Minister of Justice and Attorney General of Canada announces judicial appointments to the Federal Court
August 6, 2021 – Ottawa, Ontario – Department of Justice Canada
The Honourable David Lametti, Minister of Justice and Attorney General of Canada, today announced the following appointments under the judicial application process established in 2016. This process emphasizes transparency, merit, and the diversity of the Canadian population, and will continue to ensure the appointment of jurists who meet the highest standards of excellence and integrity.
Avvy Yao-Yao Go, Clinic Director at the Metro Toronto Chinese and Southeast Asian Legal Clinic in Toronto, is appointed a Judge of the Federal Court. Madam Justice Go replaces Mr. Justice L. Martineau, who elected to become a supernumerary judge effective September 1, 2020.
Mandy Aylen, Prothonotary of the Federal Court in Ottawa, is appointed a Judge of the Federal Court. Madam Justice Aylen replaces Madam Justice J. Gagné, who was appointed Associate Chief Justice on December 12, 2018.
Dr. Vanessa Rochester, Counsel at Norton Rose Fulbright Canada LLP in Montréal, is appointed a Judge of the Federal Court. Madam Justice Rochester replaces Mr. Justice G. Locke, who was elevated to the Federal Court of Appeal on March 7, 2019.
Catherine A. Coughlan, General Counsel at the Department of Justice Canada in Edmonton, is appointed a prothonotary of the Federal Court.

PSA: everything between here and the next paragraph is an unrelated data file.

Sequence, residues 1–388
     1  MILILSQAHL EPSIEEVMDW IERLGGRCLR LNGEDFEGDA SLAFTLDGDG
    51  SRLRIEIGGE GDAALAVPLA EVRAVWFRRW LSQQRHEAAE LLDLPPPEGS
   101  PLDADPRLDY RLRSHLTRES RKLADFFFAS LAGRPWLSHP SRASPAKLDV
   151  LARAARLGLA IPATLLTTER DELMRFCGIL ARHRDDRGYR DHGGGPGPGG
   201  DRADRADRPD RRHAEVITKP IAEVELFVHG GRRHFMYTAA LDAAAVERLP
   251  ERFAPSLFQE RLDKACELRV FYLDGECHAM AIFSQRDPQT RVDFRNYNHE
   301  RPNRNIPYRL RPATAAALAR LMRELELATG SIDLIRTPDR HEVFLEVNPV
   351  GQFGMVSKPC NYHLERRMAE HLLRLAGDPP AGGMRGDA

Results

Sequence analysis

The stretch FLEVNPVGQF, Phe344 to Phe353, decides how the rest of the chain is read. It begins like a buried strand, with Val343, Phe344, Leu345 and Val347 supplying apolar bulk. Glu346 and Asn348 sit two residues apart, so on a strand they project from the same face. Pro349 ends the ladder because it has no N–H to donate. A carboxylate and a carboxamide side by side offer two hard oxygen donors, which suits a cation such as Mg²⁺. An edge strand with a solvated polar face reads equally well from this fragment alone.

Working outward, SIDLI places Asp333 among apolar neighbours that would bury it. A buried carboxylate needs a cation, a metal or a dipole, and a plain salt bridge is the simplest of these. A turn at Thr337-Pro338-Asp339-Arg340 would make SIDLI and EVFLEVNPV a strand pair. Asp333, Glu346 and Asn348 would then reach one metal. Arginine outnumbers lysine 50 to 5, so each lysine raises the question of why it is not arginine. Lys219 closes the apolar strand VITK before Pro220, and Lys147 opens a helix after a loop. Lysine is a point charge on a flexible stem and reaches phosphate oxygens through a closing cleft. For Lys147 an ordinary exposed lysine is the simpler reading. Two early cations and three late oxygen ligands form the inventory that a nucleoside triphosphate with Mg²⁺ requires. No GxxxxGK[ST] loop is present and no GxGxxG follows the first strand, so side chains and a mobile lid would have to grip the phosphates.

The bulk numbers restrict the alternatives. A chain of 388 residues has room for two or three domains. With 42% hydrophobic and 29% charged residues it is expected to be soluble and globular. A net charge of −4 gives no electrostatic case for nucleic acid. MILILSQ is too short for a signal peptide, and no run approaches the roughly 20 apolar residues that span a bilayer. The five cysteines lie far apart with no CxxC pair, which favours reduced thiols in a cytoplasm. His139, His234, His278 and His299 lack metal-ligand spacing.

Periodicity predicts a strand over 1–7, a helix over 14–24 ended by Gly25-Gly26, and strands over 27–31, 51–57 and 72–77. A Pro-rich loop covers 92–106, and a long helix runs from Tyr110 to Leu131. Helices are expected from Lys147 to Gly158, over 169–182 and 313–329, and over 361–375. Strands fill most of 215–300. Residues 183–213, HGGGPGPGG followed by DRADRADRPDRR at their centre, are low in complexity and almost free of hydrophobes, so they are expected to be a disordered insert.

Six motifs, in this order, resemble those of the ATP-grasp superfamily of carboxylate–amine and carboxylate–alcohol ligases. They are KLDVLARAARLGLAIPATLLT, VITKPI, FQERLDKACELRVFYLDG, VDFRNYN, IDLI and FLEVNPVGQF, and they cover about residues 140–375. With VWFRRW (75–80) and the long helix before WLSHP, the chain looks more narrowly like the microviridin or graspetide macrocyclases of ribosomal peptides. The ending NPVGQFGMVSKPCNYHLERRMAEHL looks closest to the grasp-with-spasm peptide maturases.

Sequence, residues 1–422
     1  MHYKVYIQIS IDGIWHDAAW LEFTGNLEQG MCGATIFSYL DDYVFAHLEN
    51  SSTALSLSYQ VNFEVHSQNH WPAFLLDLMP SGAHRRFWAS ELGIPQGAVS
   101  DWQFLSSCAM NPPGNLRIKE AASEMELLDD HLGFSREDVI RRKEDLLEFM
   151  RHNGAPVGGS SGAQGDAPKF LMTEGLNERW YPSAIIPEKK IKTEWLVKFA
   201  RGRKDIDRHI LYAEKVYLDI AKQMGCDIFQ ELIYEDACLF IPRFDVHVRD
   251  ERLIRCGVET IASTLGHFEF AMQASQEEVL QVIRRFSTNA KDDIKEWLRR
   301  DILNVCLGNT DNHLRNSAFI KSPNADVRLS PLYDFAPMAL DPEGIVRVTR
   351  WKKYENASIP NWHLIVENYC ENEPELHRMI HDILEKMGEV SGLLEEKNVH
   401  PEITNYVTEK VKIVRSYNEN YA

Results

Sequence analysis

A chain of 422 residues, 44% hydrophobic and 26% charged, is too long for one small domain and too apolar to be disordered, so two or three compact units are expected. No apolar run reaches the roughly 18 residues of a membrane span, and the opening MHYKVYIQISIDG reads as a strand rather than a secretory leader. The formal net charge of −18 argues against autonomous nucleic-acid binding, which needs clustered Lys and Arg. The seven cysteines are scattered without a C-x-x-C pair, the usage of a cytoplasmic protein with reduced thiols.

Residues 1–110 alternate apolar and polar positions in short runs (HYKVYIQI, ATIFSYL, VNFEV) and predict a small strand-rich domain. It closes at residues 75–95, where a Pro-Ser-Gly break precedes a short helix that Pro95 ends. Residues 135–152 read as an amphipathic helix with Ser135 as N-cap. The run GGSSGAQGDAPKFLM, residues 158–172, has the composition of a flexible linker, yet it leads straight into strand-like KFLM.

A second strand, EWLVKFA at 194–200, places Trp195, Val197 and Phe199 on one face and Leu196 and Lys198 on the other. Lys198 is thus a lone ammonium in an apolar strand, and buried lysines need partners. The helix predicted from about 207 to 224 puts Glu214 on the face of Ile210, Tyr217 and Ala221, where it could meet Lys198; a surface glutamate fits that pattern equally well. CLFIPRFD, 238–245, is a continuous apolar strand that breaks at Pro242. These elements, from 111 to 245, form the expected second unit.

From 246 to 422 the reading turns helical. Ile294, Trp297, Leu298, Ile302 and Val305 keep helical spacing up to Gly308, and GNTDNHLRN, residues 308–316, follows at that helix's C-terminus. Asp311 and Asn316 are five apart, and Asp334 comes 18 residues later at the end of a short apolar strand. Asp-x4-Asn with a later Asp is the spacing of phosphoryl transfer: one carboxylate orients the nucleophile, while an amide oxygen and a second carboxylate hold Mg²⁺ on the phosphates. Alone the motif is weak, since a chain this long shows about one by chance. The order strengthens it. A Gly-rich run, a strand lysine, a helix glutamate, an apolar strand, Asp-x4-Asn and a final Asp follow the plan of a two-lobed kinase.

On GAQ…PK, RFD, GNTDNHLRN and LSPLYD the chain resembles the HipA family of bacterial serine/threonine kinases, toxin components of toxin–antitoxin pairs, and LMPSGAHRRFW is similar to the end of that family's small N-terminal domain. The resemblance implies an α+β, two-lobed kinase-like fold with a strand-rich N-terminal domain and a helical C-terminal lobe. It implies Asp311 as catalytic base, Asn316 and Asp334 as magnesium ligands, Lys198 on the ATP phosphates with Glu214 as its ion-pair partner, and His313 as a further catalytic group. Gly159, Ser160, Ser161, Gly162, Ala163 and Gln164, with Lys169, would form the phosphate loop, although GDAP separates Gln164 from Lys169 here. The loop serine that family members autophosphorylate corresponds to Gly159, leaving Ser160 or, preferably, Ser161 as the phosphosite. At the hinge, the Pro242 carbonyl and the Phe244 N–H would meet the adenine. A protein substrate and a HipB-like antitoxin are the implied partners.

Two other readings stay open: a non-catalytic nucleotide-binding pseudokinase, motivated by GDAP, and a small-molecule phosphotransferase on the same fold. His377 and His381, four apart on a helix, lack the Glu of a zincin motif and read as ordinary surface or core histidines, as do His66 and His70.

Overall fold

L.E. Trent Horne, Partner at Aird & Berlis LLP in Toronto, is appointed a prothonotary of the Federal Court.
“I wish Justices Go, Aylen, and Rochester, as well as prothonotaries Coughlan and Horne, every success as they take on their new roles. I am confident they will serve Canadians well as members of the Federal Court.”
—The Hon. David Lametti, Minister of Justice and Attorney General of Canada
Justice Avvy Yao-Yao Go received her B.A. from University of Waterloo, her LL.B. from University of Toronto, and her LL.M. from Osgoode Hall Law School. She was called to the Bar of Ontario in 1991.
Madam Justice Go has 30 years of advocacy and litigation experience on behalf of low-income racialized clients, mostly through her role as Clinic Director of the Chinese and Southeast Asian Legal Clinic. As a first-generation Canadian, she has devoted her entire legal career to breaking down barriers for marginalized groups. She has appeared before all levels of court, including the Supreme Court of Canada, on behalf of clients and public interest litigants seeking to promote equity and racial justice. She served as a Bencher of the Law Society of Ontario for 14 years and sat on the LSO’s Access to Justice Committee, Equity and Aboriginal Issues Committee, and Human Rights Monitoring Group.
Justice Go has served as a part-time member of several administrative tribunals in Ontario. She has volunteered for many non-governmental and community-based organizations, including serving as the Vice Chair of the Court Challenges Program of Canada and President of the Chinese Canadian National Council, Toronto Chapter. She co-founded the Federation of Asian Canadian Lawyers (FACL) and the Colour of Poverty – Colour of Change Network.
For her contributions to disadvantaged communities and to the legal profession, Justice Go has received many awards, including the Order of Ontario (2014), the FACL Lawyer of Distinction Award (2012), the City of Toronto’s William P. Hubbard Award for Race Relations (2008), and the Women’s Law Association of Ontario President’s Award (2002).
Justice Mandy Aylen was born and raised in Ottawa, Ontario. She obtained a Bachelor of Arts degree in Economics and a Bachelor of Laws degree from Queen’s University. She was admitted to the Bar of Ontario in 2002.